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Discrimination Against Conservatives   December 16th, 2008
Liberal bias at a university results in lawsuit by conservative       


More observations...

It's common knowledge that liberal bias exists on American university campuses. I witnessed it firsthand in some political science and economics classes when I was a university student but shrugged it off and gave the professors the answers they wanted... On exams I'd usually answer the question as I saw fit but, in parenthesis, would write "But the answer you're looking for is..." and then give them the liberal or "correct" answer that would get me a decent grade.

Apparently things went beyond that at a Rhode Island college and a conservative is suing the school after he felt he was persecuted for his non-liberal beliefs.


A former student at the Rhode Island College School of Social Work is suing the school and several of his professors for discrimination, saying he was persecuted by the school's "liberal political machine" for being a conservative.

William Felkner, 45, says the New England college and six professors wouldn't approve his final project on welfare reform because he was on the "wrong" side of political issues and countered the school's "progressive" liberal agenda.

This will be an interesting case to follow. I think it's a high time that there be more neutrality and less bias in both the media and academia, and perhaps lawsuits are the only way to change it.

I was recently considering going back to the University of Colorado to further my education in economics. I went so far as to request my transcripts and enroll as a non-degree graduate student. I ultimately decided against it, however, for two reasons: 1) I felt that I could obtain the same knowledge by reading the relevant textbooks. Doing so would be both cheaper and faster; especially since the classes I had to take were in the early afternoon two days a week which would've meant reducing my billable hours that pay the bills in the "real world." 2) I didn't feel like wasting my time battling liberal economics professors with whom I'd be far less tolerant of than I was as a young adult. My time spent "battling" liberalism is better spent writing articles on this site and other endeavors than fighting against irrelevant economics professors at a university.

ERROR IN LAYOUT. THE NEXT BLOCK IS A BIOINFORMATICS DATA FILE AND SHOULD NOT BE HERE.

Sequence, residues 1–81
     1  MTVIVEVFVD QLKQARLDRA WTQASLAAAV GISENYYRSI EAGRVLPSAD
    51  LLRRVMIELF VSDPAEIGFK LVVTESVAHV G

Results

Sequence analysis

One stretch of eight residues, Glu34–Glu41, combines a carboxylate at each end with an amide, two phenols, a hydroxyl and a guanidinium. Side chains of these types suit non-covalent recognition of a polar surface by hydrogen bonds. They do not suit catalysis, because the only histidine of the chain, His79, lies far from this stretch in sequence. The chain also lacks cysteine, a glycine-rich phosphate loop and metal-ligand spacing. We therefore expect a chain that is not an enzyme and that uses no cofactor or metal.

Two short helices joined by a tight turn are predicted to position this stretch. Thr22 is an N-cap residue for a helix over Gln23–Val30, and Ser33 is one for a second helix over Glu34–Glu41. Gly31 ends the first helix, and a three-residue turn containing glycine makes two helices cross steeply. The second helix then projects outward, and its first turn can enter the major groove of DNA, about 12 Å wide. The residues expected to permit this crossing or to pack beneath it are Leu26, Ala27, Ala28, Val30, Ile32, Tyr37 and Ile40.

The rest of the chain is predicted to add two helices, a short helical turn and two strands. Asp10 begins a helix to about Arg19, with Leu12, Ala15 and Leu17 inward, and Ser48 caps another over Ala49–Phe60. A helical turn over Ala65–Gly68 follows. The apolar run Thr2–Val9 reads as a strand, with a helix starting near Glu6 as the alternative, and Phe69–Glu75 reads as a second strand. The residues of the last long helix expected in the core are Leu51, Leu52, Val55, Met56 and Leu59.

In fact, the main reason I was considering going back to the university wasn't so much to learn (since I can and do do that on my own) but rather to immerse myself in liberal beliefs to get a better understanding of where liberals are coming from. However, I ultimately decided that wasn't worth my time or money since I can accomplish that by reading liberal books and liberal commentary. I felt no motivation to pay for liberal indoctrination.

We've become complacent with liberal bias. We've just accepted it. As I wrote previously, I don't think whining about liberal bias is useful. But changing it is useful. And we can change it by making our conservative voices heard (by being vocal, or by voting with our dollars by canceling subscriptions to liberal newspapers and magazines and letting them know why we did so) or by taking direct action such as is the case with this lawsuit.

I'm generally not fond of lawsuits but it sure sounds like this person was persecuted for his ideology. And that should have no place in academia. Academia should be a place for learning... and the interest of learning is not served when the faculty actively tries to silence a viewpoint they don't agree. Perhaps the faculty needs to do some learning by being exposed to other viewpoints rather than ridiculing them.

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